Shalei Benjamin: One huge reason was because I felt like it was the right thing for me. When I was in grade school and high school (and both were catholic) we had to go to mass every week and had religion classes. While that was great in helping me in my faith, it didn‘t challenge me in my faith. Once I was in college, I was able to be on my own and choose what I wanted to be and I chose to be catholic because that’s what I felt in my heart to be true. And ever since I’ve been out of college, I’ve felt my faith become stronger

Alex ScherbBecause the Catholic hurch is the universal church and the church of truth. If I wasn’t Catholic I have no reason to live.

Elizabeth KirbyBecause, from a purely logical standpoint, my personal beliefs would go between Christianity or complete apathy. I definitely don’t believe in Islam, Judaism, etc., so personally it’s that choice for me. it’s Catholicism or nothing. Historically speaking, the Catholics were the first to put the bible together and the descendants of the original apostles. We don’t edit to fit the times. That is the TRUE faith.

Secondly, even though I’ve come so close to giving up, something always calls me back and the thought of leaving hurts my heart. The thought of ever walking out of church doors and never coming back again is physically painful. Even though I struggle way more than many other people and am sometimes only nominally Catholic, the pull to stay is always stronger than the urge to give up.

Nancy IbarraI remain Catholic because of the significance of the tradition that we have. I used to go to Catholic school and my mom would take me to Mass, but as a child I honestly never understood any of it. I thought I did, but it wasn’t until I drifted far away from my faith that I began to discover the beauty of what we have. 

In college, I began to be exposed to all these alternative methods of thinking in my coursework, and all of it eventually sounded silly. Contemplating on the question “is there a God?” made me realize what people meant by how could all creation start from nothing? From this point, I began to seek meaning in our traditions as Catholics, and what I found was nearly every aspect of our religion is either from scripture or thousands of years of tradition. Very few other religions can claim both of these origins.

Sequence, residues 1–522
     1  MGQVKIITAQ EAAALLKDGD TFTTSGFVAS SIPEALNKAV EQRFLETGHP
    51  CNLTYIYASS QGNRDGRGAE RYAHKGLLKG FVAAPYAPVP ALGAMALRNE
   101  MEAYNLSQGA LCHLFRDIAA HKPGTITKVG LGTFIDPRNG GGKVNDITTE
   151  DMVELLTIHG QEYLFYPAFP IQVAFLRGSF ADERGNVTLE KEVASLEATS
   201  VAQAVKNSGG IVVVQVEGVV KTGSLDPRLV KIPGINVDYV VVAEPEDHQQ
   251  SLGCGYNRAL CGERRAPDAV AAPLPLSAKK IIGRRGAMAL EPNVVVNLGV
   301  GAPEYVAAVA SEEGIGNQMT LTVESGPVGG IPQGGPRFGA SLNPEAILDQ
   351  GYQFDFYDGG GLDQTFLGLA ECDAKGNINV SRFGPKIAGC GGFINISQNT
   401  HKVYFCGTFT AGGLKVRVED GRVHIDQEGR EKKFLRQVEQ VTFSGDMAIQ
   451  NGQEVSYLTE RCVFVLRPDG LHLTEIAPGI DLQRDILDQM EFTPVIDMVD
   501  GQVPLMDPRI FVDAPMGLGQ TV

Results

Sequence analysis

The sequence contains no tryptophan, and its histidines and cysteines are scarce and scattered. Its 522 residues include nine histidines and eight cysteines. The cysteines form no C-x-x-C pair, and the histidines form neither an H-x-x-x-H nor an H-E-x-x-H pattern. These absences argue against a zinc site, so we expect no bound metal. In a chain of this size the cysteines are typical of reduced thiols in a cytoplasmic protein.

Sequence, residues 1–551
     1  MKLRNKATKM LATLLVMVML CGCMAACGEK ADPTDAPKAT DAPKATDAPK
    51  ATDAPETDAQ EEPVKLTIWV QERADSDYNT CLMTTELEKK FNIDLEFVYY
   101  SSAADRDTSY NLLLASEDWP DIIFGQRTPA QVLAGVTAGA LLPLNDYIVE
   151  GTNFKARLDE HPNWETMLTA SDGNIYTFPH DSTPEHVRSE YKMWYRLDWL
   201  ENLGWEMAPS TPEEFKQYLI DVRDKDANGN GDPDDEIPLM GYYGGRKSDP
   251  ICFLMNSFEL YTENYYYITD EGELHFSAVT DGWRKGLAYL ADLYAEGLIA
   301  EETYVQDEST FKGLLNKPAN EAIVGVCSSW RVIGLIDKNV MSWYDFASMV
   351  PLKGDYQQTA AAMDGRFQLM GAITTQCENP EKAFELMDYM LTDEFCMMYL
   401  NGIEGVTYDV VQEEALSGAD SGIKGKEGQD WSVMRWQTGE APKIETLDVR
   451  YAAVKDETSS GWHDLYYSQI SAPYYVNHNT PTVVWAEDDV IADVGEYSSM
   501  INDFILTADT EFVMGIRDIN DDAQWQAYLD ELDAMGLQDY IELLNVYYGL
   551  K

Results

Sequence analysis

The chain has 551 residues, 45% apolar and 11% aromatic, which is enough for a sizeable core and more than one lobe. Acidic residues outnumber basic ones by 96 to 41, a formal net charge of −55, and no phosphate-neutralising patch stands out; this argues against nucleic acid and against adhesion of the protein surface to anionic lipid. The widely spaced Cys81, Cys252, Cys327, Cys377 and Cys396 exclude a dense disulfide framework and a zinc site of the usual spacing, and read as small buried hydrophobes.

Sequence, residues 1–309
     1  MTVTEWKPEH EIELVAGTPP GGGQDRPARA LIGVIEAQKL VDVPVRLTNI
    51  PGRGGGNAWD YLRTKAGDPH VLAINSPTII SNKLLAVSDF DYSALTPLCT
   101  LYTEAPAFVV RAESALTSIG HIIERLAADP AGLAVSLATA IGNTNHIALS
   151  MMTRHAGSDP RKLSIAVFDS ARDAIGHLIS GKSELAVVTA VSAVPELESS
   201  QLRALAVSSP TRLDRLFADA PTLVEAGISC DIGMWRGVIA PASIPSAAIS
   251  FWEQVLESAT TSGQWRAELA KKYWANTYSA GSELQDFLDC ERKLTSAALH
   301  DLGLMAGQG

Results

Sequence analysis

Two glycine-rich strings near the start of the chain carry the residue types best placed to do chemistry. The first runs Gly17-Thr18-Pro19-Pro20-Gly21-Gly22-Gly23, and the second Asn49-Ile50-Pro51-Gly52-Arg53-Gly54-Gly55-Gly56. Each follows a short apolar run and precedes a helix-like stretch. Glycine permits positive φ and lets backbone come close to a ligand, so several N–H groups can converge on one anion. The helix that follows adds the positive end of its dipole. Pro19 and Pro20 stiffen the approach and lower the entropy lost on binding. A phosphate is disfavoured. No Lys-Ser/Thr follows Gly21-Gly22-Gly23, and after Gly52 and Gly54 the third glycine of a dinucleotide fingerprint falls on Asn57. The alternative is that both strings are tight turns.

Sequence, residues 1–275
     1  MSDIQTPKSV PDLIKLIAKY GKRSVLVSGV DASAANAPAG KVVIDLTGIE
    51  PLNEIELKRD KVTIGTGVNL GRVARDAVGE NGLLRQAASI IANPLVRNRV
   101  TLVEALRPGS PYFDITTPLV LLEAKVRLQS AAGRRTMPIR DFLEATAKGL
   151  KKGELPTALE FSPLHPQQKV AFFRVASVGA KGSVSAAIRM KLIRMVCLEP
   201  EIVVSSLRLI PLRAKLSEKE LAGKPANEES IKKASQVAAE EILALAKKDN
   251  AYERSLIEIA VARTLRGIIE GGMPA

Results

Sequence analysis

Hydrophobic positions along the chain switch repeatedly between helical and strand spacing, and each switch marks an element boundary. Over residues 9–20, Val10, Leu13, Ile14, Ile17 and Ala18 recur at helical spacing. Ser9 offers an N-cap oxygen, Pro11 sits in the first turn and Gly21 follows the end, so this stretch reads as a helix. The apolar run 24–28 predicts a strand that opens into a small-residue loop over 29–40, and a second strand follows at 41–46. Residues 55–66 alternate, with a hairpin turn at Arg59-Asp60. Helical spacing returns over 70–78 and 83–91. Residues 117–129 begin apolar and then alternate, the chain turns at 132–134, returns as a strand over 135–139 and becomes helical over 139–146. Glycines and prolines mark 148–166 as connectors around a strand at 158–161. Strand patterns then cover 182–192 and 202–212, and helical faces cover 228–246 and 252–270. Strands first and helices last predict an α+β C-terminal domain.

Now, I have not delved into other theologies, but there is a presence of love and warmth that I always feel when I learn about Catholic religion that I have never experienced when even speaking to others on their religion. 

Lastly, I believe in “showing, not telling.” Catholic religion believes in this strongly. Thus, perhaps the most important reason for me to be Catholic is that we are called to evangelize in our actions, not necessarily our words. That doesn’t mean don’t stand up and say when something is going wrong. But it does recognize that people are not moved to Catholicism because of the grandiose words said at Mass, but by how Catholics live. How we take Christ’s flesh and blood and are sent forth to share his love to the world. No other religion can claim that one

Emily Allen: I guess the simplest answer is because it’s true. I mean, that seems like a “duh” answer, by I consider myself pretty open minded. I understand not everyone’s experiences match my own, and I always try to sympathize and respect their beliefs. But in all my sympathizing and researching, I have never found anything as true as the church. And like some days I struggle with church teaching on some stuff. Sometimes I only agree and submit to things *because* it’s church teaching. But I wouldn’t do that if I didn’t think it was 100% true.

More to come soon!